Tuesday, March 16, 2021

The Old Disney Cruise Line Website! Part 2: Deck Plans

Welcome to Part 2 of the series where we go back in time to the Disney Cruise Line Website of the early 2000s!  In Part 1, we started at the homepage and looked through Rates, Dates, & More.  In that post, I said I'd be saving the deck plans for a later post.  Well, it's officially later, so let's look at those deck plans!  These deck plans from the old DCL website are of the original versions of the Magic and Wonder, before any changes were made in dry docks.  I'll be comparing the old deck plans of the Magic and the Wonder (they're sister ships, so their deck plans are very similar) to the modern deck plans using this deck plan from WDWinfo.com.  I would use the normal DCL website deck plans, but this other deck plan has each deck in a way that looks very similar to the old DCL website's deck plans.

Let's start at the bottom of the ship, Deck 1.  There's not much to do on Deck 1, and nothing here has changed, except for the Health Center's name.  It used to be called "Medical Health Center", but now it's just "Health Center".  This change is very minor, if you asked a crew member where you could find the Medical Health Center today, I'm sure they'd know what you were talking about.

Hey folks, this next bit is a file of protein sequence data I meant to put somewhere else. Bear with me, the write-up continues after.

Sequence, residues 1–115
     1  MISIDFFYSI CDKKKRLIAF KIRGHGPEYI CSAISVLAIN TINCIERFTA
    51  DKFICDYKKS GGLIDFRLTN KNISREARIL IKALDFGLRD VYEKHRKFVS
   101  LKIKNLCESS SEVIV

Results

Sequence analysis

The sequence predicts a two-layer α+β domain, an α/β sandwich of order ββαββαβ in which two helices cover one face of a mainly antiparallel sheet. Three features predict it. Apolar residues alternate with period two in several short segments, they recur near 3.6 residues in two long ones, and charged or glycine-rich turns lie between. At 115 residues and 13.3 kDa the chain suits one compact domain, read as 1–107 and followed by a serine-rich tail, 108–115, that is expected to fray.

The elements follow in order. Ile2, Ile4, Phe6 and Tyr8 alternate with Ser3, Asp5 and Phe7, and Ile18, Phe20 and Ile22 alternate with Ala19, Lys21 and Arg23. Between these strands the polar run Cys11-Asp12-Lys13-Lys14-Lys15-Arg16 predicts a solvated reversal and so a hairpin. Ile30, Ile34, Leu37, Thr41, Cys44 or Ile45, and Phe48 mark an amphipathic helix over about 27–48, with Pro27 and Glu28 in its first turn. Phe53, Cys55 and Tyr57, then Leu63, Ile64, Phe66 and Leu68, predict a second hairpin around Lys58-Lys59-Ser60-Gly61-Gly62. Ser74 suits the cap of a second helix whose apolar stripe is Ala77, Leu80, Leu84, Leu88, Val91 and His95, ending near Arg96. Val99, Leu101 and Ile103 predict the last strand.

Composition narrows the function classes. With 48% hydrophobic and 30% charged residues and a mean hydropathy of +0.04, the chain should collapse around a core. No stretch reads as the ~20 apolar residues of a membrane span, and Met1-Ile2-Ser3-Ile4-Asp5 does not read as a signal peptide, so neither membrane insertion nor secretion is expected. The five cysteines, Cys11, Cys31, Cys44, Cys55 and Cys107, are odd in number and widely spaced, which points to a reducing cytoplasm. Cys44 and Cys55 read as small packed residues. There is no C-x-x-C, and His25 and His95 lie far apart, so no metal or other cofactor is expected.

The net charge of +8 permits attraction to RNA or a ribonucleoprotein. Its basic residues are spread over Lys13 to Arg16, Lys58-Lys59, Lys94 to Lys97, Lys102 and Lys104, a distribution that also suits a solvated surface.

Deck 2 is much more interesting than Deck 1.  Aside from staterooms, Deck 2 originally had three conference rooms in Midship.  These conference rooms must not have been used for many meetings, since they were eventually converted into Edge, the youth club for ages 11-14.  Deck 2 probably wasn't an ideal place for a youth club, since the loud kids probably disturbed the guests in the nearby staterooms.  So, Edge was moved up to Deck 9, where the Quarter Masters Arcade previously was.  The space Edge occupied on Deck 2 was converted into six inside staterooms:  2063, 2065, 2067, 2563, 2565, and 2567,
Today, Deck 3 is quite different from what it was originally like.  Let's start in Forward and work our way to Aft.  The adults-only nightclub area on the Magic was originally called Beat Street and featured Sessions, Off Beat, and Rockin' Bar D.  The Wonder's equivalent of Beat Street was Route 66.  Route 66 featured the Cadillac Lounge, Barrel of Laughs, and WaveBands.  Route 66 was created before Cars, a movie that mostly took place in a town on Route 66, released.  So, Cars had no influence on it.  But did the Wonder's Route 66 influence Cars?  I don't remember there being any cruise ships in Cars.  Both of these areas featured a small shopping boutique area, separate from the main shopping area onboard.  Beat Street and Route 66 are now After Hours, a different area with a name unrelated to roads.  In the Magic's After Hours, Sessions is now Keys, a literal piano bar.  While Off Beat was a creative name, it wouldn't make much sense in After Hours, so it's now O'Gill's Pub, which is also on the Fantasy.  Also, Rockin' Bar D is now Fathoms, or as I thought when I was on the Magic in 2015, Fathorns.  On the Wonder, the Cadillac Lounge is still the Cadillac Lounge, even though the Route 66-themed area is gone.  Barrel of Laughs is now the Crown & Fin Pub, and WaveBands is now Azure.  Also, the boutique shop is now Sea Treasures.  Having a store in After Hours seems a little odd, but hey, at least it has an actual name now.